The over-expression of GH/GHR in tumour tissues with respect to healthy ones confirms its oncogenic role and the consequent oncosuppressor role of its physiological inhibitor, somatostatin: a review of the literature

Neuro Endocrinol Lett. 2018 Sep;39(3):179-188.


The interaction between pituitary hormones, GH - PRL, and Growth Factors, GF, plays a fundamental role in the physiological and neoplastic mechanisms of growth, the latter using these factors to a much greater extent compared to the former, with a direct dose-dependent effect on the speed of local or metastatic expansion. In hormone-dependent tumours, the respective male and female sex hormones interact with GH - PRL - GF to sustain the expansion of the tumour. We carried out a review of the literature on the relationship between the expression of GH and GHR in tumour tissues compared to healthy tissues, and on the correlation between this expression and tumour aggressiveness. An over-expression of GH and GHR in tumours was a constant finding. In more than a thousand cases published in various clinical, observational, retrospective studies investigating cervico-facial tumours, lymphoproliferative diseases, breast cancer, prostate cancer, non-small-cell lung cancer, neuroblastomas, oesophageal cancer, glioblastomas, and sarcomas, we constantly found an improvement in objective response, quality of life and survival, compared to conventional oncological protocols, by inhibiting GH and correlated GF using somatostatin.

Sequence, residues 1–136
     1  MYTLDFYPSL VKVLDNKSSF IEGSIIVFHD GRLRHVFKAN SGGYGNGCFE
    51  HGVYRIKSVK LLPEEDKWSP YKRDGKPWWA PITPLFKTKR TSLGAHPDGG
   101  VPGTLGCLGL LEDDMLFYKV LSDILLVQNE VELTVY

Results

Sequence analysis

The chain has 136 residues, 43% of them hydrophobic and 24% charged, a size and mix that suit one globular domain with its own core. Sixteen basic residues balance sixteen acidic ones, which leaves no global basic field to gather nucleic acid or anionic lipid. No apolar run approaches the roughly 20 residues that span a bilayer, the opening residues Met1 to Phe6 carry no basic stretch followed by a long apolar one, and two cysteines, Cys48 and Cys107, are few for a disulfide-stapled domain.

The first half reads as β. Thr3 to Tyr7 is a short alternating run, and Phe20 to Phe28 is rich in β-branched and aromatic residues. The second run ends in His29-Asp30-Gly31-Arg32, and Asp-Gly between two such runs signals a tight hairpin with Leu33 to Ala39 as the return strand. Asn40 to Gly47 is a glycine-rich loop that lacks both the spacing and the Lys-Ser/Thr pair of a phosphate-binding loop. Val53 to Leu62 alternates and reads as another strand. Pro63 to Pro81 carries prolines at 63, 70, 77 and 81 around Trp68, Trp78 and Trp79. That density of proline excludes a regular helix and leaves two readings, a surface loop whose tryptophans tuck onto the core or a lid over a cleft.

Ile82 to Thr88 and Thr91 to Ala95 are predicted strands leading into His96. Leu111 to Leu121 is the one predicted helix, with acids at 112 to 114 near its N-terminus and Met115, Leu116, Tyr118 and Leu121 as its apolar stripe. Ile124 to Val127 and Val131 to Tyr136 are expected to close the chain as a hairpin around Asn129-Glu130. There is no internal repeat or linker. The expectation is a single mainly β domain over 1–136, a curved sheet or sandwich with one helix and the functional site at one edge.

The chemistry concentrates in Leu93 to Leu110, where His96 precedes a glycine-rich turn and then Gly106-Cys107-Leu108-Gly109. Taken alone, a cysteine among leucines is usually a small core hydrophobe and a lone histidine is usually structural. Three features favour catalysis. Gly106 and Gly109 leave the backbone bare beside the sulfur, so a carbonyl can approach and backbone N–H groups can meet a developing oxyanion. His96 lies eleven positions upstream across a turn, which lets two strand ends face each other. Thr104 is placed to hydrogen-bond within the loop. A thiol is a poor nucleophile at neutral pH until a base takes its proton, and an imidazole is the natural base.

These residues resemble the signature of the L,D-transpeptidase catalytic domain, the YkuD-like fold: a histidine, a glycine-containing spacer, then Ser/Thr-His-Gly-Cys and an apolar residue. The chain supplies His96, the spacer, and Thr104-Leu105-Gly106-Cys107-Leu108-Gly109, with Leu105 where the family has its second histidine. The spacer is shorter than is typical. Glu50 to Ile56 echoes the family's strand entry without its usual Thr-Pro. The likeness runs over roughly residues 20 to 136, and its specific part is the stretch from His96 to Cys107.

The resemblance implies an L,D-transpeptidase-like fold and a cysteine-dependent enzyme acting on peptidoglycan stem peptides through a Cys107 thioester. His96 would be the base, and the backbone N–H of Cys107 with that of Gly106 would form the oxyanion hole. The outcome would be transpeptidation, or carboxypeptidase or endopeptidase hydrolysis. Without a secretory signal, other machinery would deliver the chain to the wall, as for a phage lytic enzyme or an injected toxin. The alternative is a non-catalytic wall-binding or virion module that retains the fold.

Publication types

  • Review

MeSH terms

  • Carcinogenesis
  • Head and Neck Neoplasms / metabolism
  • Human Growth Hormone / metabolism*
  • Humans
  • Insulin-Like Growth Factor I / metabolism
  • Intercellular Signaling Peptides and Proteins / metabolism
  • Neoplasms / metabolism*
  • Prolactin / metabolism
  • Receptors, Somatotropin / metabolism*
  • Somatostatin / metabolism*


  • Intercellular Signaling Peptides and Proteins
  • Receptors, Somatotropin
  • Human Growth Hormone
  • Somatostatin
  • Insulin-Like Growth Factor I
  • Prolactin